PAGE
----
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Behavioral Response of Invertebrates to Experimental Simulation of Pre-Seismic Chemical Changes.

Grant RA, Conlan H - Animals (Basel) (2015)

Bottom Line: One possible way in which animals could be affected by pre-earthquake processes is via stress activated positive holes leading to the formation of hydrogen peroxide at the rock water interface.Here, we carry out avoidance tests with hydrogen peroxide in two model organisms; Daphnia pulex and earthworms.Daphnia were found to move away from increasing concentrations of H₂O2 but earthworms appeared unaffected.

View Article: PubMed Central - PubMed

Affiliation: Department of Animal and Land Sciences, Hartpury College, Hartpury, Gloucester GL19 3BE, UK. Rachel.grant@hartpury.ac.uk.

ABSTRACT
Unusual behavior before earthquakes has been reported for millennia but no plausible mechanism has been identified. One possible way in which animals could be affected by pre-earthquake processes is via stress activated positive holes leading to the formation of hydrogen peroxide at the rock water interface. Aquatic and fossorial animals could be irritated by H₂O₂ and move down the concentration gradient. Here, we carry out avoidance tests with hydrogen peroxide in two model organisms; Daphnia pulex and earthworms. Daphnia were found to move away from increasing concentrations of H₂O2 but earthworms appeared unaffected. It is possible that earthworm swarming behavior, reported frequently before earthquakes, is caused by electric field shifts or another unknown mechanism, whereas zooplankton may be affected by increasing levels of H₂O₂.

No MeSH data available.


Related in: MedlinePlus

The mean position (based on 10 replicates of two Daphnia) (±standard deviation) of the Daphnia 10 minutes after varying concentrations of hydrogen peroxide was added to the tank. Start position at 0, −20 cm = entry point of hydrogen peroxide, 30 cm = furthest distance from entry point of hydrogen peroxide.
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animals-05-00206-f005: The mean position (based on 10 replicates of two Daphnia) (±standard deviation) of the Daphnia 10 minutes after varying concentrations of hydrogen peroxide was added to the tank. Start position at 0, −20 cm = entry point of hydrogen peroxide, 30 cm = furthest distance from entry point of hydrogen peroxide.

Mentions: The position of the Daphnia after ten minutes varied significantly with increasing concentrations of hydrogen peroxide, with the average position being further from start point with increasing concentrations of H2O2 (Kruskal-Wallis: X2 = 15.895, n1–5 = 20, P = 0.003) (Figure 5). The death rate of the Daphnia (which was less than 3% overall) was not affected by the varying concentrations of H2O2 after 10 minutes.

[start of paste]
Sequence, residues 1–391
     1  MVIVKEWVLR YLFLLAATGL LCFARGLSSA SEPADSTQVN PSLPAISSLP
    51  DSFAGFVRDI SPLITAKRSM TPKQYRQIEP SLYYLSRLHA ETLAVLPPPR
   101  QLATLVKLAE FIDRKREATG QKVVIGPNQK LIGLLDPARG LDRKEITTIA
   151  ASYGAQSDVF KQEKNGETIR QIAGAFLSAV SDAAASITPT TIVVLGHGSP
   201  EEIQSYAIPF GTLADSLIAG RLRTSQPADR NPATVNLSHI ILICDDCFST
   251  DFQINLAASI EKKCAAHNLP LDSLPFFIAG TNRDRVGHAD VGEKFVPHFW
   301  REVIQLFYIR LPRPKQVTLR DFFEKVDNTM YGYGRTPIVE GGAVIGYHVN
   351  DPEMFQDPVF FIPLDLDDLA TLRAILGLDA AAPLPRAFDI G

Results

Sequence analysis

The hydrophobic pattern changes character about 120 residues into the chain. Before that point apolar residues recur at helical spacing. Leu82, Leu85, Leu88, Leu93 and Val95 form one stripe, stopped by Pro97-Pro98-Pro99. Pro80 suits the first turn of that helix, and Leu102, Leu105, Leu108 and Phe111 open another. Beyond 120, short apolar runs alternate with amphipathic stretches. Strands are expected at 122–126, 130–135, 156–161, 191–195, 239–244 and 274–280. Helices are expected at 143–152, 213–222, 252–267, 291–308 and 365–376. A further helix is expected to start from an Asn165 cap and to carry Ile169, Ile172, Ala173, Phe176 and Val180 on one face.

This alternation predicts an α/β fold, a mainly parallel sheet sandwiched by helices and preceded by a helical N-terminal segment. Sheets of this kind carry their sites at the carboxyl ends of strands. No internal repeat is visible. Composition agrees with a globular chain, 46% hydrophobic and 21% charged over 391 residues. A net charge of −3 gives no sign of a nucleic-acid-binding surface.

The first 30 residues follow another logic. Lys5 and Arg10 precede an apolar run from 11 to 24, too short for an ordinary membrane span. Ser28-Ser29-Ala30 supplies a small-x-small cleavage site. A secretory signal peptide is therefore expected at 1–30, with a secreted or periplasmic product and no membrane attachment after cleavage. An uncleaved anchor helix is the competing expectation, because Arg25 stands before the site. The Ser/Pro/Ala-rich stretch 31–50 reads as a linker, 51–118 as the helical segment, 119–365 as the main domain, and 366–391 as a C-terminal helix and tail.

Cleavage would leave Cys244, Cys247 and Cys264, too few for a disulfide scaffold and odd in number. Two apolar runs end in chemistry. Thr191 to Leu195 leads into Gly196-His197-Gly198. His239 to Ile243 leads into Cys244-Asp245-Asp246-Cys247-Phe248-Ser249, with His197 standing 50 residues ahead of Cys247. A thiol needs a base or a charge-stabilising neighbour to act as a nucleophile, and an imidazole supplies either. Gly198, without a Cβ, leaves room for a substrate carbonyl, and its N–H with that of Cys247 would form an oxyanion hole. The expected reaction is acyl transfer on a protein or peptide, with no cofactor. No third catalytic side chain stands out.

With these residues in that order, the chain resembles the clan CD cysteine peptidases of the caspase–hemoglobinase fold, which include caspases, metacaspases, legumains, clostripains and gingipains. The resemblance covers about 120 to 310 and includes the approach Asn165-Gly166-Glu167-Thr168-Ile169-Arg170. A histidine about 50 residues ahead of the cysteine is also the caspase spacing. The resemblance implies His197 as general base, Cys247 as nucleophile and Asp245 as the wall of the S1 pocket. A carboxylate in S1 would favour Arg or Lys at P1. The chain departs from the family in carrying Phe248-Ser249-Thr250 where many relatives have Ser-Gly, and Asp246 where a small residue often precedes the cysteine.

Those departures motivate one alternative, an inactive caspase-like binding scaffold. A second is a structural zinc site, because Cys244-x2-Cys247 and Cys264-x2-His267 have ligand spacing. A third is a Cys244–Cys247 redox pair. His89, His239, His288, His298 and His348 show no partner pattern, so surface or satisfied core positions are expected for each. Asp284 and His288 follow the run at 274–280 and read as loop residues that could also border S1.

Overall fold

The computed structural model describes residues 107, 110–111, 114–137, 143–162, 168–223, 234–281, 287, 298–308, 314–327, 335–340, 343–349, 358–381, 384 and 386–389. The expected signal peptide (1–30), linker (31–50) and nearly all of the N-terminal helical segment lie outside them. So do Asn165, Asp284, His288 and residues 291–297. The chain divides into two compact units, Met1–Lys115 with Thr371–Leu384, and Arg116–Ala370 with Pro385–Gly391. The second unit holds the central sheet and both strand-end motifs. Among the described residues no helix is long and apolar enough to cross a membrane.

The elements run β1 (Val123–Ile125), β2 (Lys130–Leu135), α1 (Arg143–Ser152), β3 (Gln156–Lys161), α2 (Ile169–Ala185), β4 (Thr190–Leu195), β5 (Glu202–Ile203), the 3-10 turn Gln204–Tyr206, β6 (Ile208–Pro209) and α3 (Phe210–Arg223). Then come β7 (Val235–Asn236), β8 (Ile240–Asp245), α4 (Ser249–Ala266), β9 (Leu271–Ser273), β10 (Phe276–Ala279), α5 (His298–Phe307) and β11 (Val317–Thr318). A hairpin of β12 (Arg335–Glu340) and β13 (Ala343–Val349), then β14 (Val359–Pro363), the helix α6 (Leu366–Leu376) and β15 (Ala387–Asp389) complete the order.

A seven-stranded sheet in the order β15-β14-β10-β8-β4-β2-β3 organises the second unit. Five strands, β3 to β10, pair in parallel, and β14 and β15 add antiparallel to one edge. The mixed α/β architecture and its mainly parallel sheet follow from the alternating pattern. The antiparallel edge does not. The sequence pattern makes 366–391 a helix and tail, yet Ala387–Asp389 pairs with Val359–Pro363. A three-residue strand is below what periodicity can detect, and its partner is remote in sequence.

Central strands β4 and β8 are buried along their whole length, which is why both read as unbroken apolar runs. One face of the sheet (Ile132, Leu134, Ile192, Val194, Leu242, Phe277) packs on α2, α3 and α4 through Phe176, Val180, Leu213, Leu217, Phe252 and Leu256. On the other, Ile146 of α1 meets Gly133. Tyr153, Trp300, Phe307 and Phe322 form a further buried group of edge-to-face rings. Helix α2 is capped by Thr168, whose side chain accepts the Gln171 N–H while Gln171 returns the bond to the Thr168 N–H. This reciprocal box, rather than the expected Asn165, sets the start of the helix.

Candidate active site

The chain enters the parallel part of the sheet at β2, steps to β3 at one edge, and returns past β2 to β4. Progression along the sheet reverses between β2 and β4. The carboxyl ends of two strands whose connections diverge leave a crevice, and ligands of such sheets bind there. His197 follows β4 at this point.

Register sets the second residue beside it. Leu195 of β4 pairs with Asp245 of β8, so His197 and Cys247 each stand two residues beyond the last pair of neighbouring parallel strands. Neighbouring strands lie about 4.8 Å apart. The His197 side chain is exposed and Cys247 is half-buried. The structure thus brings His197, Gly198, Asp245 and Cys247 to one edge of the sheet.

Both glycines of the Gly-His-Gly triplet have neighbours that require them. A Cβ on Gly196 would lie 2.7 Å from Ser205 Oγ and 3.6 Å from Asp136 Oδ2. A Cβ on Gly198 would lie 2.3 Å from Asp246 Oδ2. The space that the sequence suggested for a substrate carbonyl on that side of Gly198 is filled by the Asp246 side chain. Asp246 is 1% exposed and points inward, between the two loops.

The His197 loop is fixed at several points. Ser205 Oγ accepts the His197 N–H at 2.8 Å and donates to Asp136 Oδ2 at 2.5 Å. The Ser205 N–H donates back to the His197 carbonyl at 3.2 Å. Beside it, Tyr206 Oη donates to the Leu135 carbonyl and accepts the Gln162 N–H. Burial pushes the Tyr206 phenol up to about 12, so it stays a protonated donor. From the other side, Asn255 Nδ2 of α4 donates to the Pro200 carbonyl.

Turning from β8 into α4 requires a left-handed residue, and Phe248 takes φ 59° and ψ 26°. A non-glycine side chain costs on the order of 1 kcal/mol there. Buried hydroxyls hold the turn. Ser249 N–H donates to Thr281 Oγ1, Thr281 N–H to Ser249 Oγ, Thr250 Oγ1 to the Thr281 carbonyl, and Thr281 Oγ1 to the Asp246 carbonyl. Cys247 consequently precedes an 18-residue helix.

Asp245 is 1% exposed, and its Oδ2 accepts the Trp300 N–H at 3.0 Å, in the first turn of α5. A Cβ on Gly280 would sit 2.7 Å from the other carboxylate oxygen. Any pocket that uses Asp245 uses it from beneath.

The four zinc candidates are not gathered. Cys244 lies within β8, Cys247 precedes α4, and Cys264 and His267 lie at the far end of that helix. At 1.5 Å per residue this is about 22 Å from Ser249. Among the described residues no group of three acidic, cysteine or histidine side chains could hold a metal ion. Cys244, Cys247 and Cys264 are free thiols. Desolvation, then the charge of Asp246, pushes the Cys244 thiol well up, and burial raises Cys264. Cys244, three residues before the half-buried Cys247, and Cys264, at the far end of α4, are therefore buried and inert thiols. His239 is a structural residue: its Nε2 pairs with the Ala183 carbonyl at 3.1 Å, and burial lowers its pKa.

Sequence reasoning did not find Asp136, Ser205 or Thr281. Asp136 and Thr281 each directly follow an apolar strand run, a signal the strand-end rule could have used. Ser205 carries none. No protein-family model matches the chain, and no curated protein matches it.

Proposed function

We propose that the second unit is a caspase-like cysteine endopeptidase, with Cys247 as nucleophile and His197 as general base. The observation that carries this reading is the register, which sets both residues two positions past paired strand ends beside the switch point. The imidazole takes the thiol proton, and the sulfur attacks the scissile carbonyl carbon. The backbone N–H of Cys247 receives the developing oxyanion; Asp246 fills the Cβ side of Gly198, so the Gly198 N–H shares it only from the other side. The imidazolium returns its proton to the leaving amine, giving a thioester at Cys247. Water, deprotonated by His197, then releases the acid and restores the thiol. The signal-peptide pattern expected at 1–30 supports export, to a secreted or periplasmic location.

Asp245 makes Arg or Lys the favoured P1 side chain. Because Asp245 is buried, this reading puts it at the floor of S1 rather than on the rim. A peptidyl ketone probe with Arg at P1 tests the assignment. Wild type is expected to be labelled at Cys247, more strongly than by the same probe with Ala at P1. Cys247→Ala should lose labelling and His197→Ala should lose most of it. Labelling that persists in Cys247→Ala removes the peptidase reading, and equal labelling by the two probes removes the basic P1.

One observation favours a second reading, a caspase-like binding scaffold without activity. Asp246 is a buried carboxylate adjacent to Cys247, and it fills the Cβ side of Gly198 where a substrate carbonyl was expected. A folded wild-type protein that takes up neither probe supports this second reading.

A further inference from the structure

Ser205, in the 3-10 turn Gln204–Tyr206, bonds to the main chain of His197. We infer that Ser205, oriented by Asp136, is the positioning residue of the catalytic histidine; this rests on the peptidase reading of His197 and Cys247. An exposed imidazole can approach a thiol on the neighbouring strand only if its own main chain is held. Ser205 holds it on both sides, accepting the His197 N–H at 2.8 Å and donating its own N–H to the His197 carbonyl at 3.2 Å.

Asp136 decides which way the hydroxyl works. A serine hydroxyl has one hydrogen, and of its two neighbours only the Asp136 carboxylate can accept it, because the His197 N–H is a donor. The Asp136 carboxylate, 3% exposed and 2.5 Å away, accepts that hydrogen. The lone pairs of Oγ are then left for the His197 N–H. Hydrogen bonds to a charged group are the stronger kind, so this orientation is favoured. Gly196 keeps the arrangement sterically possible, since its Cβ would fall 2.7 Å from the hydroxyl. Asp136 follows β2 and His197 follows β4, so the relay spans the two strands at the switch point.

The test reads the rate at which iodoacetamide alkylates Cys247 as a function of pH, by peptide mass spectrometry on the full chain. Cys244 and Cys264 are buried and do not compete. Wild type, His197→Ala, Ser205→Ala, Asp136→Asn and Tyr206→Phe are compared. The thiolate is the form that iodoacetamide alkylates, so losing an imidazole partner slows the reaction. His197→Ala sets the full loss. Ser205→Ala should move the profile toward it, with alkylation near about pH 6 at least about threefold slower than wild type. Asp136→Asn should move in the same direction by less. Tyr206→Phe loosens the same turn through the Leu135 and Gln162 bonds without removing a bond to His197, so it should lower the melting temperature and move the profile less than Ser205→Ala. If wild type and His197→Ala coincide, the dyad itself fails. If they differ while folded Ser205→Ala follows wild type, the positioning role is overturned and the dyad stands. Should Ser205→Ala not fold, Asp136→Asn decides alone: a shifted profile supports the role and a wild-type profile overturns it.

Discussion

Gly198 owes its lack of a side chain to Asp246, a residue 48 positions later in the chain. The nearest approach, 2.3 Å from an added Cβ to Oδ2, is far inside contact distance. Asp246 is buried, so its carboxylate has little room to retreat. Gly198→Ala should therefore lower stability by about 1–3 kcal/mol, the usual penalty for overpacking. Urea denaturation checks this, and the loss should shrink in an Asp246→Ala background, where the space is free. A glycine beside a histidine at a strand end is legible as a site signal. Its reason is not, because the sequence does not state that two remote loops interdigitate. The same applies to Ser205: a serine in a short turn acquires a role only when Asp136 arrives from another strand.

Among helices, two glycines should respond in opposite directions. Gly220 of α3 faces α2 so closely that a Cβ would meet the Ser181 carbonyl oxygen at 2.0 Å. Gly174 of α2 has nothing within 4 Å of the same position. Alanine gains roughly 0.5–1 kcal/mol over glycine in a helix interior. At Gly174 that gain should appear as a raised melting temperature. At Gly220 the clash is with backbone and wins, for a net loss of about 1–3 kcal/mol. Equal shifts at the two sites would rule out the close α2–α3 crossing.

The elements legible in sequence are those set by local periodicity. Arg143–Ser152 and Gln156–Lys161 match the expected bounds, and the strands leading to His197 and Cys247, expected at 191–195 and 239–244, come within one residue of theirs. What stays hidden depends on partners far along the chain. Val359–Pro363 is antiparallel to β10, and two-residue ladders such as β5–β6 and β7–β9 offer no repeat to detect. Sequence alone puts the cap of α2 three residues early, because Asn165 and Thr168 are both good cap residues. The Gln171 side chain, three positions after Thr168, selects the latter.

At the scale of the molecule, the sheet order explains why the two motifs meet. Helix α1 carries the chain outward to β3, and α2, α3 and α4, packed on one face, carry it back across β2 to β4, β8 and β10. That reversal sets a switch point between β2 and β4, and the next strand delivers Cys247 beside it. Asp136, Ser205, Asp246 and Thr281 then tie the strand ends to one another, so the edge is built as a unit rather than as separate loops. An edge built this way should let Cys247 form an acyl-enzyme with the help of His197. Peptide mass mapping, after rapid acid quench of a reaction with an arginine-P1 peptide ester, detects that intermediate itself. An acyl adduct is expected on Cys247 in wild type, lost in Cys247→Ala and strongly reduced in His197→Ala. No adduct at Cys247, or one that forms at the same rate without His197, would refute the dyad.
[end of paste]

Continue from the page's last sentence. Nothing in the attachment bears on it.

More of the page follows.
Behavioral Response of Invertebrates to Experimental Simulation of Pre-Seismic Chemical Changes.

Grant RA, Conlan H - Animals (Basel) (2015)

The mean position (based on 10 replicates of two Daphnia) (±standard deviation) of the Daphnia 10 minutes after varying concentrations of hydrogen peroxide was added to the tank. Start position at 0, −20 cm = entry point of hydrogen peroxide, 30 cm = furthest distance from entry point of hydrogen peroxide.
© Copyright Policy
Related In: Results  -  Collection

License
Show All Figures
getmorefigures.php?uid=PMC4494413&req=5

animals-05-00206-f005: The mean position (based on 10 replicates of two Daphnia) (±standard deviation) of the Daphnia 10 minutes after varying concentrations of hydrogen peroxide was added to the tank. Start position at 0, −20 cm = entry point of hydrogen peroxide, 30 cm = furthest distance from entry point of hydrogen peroxide.
Mentions: The position of the Daphnia after ten minutes varied significantly with increasing concentrations of hydrogen peroxide, with the average position being further from start point with increasing concentrations of H2O2 (Kruskal-Wallis: X2 = 15.895, n1–5 = 20, P = 0.003) (Figure 5). The death rate of the Daphnia (which was less than 3% overall) was not affected by the varying concentrations of H2O2 after 10 minutes.

Bottom Line: One possible way in which animals could be affected by pre-earthquake processes is via stress activated positive holes leading to the formation of hydrogen peroxide at the rock water interface.Here, we carry out avoidance tests with hydrogen peroxide in two model organisms; Daphnia pulex and earthworms.Daphnia were found to move away from increasing concentrations of H₂O2 but earthworms appeared unaffected.

View Article: PubMed Central - PubMed

Affiliation: Department of Animal and Land Sciences, Hartpury College, Hartpury, Gloucester GL19 3BE, UK. Rachel.grant@hartpury.ac.uk.

ABSTRACT
Unusual behavior before earthquakes has been reported for millennia but no plausible mechanism has been identified. One possible way in which animals could be affected by pre-earthquake processes is via stress activated positive holes leading to the formation of hydrogen peroxide at the rock water interface. Aquatic and fossorial animals could be irritated by H₂O₂ and move down the concentration gradient. Here, we carry out avoidance tests with hydrogen peroxide in two model organisms; Daphnia pulex and earthworms. Daphnia were found to move away from increasing concentrations of H₂O2 but earthworms appeared unaffected. It is possible that earthworm swarming behavior, reported frequently before earthquakes, is caused by electric field shifts or another unknown mechanism, whereas zooplankton may be affected by increasing levels of H₂O₂.

No MeSH data available.


Related in: MedlinePlus